Prison interior. Jail cells, dark background.

A man has filed a federal lawsuit against Weld County alleging excessive force and a “custom of militarized violence and weaponry” in the sheriff’s office that caused him multiple head injuries.

On June 23, 2018, Tage Rustgi returned to his home for the Greeley Stampede. A student at the University of Colorado, he wrote that he “committed no crime,” but that the sheriff’s office put him in the jail’s detox area “allegedly due to having consumed an excess of alcohol during the festivities.”

Basing his narrative events from surveillance footage at the county jail, Rustgi noted that after employees took him to an intake area without incident, members of the Special Operations Group entered the jail dressed in green military fatigues. The sheriff’s office website does not contain a description of the organization, but Lake County describes its own SOG as a unit that uses “the least amount of force necessary to achieve a successful conclusion of an operation with minimum hazard to citizens, property, and Deputies under a variety of situations….SOG responds to emergencies requiring the use of special weapons and tactics that exceed the standard capabilities of Patrol Deputies.”

While an employee took Rustgi’s vital signs, the alleged members of the SOG donned ear protection. Five deputies and three SOG members purportedly took Rustgi to a cell with no surveillance cameras, where they had him lie facedown on the floor. A screen capture from the hallway surveillance camera at 12:26 a.m. on June 24 shows some employees plugging their own ears.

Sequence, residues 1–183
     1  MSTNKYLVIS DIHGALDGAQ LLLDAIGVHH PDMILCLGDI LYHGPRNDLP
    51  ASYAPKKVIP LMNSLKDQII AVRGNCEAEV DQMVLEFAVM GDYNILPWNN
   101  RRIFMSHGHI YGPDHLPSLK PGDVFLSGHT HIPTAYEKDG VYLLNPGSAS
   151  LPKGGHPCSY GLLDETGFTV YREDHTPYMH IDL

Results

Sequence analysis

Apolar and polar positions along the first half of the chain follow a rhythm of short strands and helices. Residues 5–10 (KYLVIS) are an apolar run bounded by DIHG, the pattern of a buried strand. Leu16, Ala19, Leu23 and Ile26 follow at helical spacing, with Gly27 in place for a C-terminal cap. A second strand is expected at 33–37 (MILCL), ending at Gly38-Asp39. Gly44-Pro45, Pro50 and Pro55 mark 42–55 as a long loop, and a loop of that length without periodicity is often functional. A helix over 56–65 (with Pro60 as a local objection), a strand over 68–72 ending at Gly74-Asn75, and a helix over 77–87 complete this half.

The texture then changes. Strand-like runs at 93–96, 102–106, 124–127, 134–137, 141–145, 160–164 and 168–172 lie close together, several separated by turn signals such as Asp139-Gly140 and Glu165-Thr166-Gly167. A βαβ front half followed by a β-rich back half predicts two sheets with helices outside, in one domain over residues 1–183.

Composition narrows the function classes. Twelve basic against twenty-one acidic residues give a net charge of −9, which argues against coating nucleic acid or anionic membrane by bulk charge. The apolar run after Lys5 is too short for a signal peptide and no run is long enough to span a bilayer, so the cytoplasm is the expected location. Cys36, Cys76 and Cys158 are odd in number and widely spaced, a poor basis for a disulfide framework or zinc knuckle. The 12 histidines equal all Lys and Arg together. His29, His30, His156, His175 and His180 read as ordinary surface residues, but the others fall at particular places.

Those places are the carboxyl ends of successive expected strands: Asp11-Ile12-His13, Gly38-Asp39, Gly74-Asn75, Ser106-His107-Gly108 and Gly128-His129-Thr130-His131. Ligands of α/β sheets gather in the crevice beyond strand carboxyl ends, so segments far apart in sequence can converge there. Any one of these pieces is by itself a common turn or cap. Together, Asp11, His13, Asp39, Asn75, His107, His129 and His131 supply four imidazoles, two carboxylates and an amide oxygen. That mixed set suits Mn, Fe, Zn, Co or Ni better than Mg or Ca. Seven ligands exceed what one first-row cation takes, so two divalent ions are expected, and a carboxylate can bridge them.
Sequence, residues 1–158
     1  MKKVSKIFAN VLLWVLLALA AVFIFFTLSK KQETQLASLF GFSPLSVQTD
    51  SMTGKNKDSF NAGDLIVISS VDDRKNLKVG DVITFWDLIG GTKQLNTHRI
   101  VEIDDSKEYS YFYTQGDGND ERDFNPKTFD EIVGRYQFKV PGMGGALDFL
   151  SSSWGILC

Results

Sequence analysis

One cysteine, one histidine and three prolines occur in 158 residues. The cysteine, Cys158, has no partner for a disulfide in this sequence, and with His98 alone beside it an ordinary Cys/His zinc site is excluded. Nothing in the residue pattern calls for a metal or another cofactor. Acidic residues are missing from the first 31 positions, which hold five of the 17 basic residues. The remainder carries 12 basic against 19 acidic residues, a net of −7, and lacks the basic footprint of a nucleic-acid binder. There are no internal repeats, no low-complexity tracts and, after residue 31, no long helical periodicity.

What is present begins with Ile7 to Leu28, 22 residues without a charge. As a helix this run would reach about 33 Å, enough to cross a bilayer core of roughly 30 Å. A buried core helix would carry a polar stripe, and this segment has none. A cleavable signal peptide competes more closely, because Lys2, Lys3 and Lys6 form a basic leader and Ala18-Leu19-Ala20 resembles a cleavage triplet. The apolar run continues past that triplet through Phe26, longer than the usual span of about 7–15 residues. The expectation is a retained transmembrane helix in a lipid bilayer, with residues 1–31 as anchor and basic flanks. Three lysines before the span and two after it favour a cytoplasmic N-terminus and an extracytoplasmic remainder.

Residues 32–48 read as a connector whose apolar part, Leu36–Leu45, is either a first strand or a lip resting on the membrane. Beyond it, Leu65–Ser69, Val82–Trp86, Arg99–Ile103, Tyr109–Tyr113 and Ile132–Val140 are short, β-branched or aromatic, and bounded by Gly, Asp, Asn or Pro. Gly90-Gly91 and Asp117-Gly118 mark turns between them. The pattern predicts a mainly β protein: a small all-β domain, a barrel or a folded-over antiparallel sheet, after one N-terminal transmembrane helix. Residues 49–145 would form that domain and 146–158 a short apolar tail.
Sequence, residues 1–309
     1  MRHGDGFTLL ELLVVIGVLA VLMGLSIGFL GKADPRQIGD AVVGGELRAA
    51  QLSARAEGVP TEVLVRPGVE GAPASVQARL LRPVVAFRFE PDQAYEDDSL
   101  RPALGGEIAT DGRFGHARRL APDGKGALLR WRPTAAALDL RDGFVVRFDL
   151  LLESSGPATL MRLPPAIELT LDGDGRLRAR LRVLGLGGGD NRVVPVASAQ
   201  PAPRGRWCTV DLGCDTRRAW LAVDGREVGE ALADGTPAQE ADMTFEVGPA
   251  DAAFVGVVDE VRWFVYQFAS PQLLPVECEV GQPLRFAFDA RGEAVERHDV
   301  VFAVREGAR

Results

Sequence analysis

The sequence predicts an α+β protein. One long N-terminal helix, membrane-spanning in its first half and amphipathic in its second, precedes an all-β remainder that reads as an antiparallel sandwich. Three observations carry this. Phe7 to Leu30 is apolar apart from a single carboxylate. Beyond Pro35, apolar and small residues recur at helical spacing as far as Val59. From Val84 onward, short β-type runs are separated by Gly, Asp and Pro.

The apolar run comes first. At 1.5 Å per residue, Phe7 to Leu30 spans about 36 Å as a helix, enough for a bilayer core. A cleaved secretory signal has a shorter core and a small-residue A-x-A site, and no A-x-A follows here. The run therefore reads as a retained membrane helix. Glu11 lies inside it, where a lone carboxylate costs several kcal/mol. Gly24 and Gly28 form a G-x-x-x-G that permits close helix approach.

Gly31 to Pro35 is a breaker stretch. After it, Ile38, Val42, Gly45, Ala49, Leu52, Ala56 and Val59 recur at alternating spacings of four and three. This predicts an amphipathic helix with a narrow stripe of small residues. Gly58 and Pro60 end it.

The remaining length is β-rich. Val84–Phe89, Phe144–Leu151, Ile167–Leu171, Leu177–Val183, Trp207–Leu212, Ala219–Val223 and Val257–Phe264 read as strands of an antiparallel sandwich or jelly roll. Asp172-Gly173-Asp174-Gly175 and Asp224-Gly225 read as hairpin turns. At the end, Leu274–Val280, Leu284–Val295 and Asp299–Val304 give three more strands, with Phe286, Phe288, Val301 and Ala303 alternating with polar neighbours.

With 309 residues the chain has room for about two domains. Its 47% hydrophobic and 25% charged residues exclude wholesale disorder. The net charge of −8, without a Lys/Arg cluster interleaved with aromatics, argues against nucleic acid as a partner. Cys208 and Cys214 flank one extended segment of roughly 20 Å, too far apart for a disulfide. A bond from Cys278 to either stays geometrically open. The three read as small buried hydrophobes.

The SOG members then allegedly fired “concussion explosions” from their shotguns. “The force of the explosions was so violent that it shook a surveillance camera in another room and down the hallway some distance away, which is visible as the footage plays,” Rustgi wrote. In another screen capture included in the lawsuit, five employees plugged their ears at the other end of the hallway, with some hunched over.

Rustgi received 11 stitches resulting from a laceration to his forehead and a hemorrhage to his eye. Pointing to Sheriff Steve Reams, Rustgi alleged that in 2016, “Reams began to implement policies and training to turn the jail into a militarized environment in which pretrial detainees like Plaintiff, as well as inmates serving sentences, would be terrorized and brutalized.”

Rustgi alleges that Reams contracted with Joseph Garcia to train the SOG. The lawsuit points to Garcia’s marketing tactics employing militaristic imagery that “glorify the use of explosives in the jail setting,” and describes the training as condoning “intimidation, harassment, aggression, threats of violence, physical violence, and weaponry, to terrify pretrial detainees and other inmates in the jail.”

Garcia, who is not named as a defendant, did not respond to a request for comment through his company, C-SAU. A spokesperson for Reams said that he could not comment on pending litigation.

Claiming that the SOG members “patrol the jail constantly and do not only respond to ‘critical’ or especially hazardous incidents,” Rustgi wrote that this practice violates sheriff’s office policy. Furthermore, he alleges that “the conduct against Plaintiff in this case is typical of the deputies,” with explosions fired on a “near-daily basis.”

The case is Tage Rustgi v. Steve Reams, et al.

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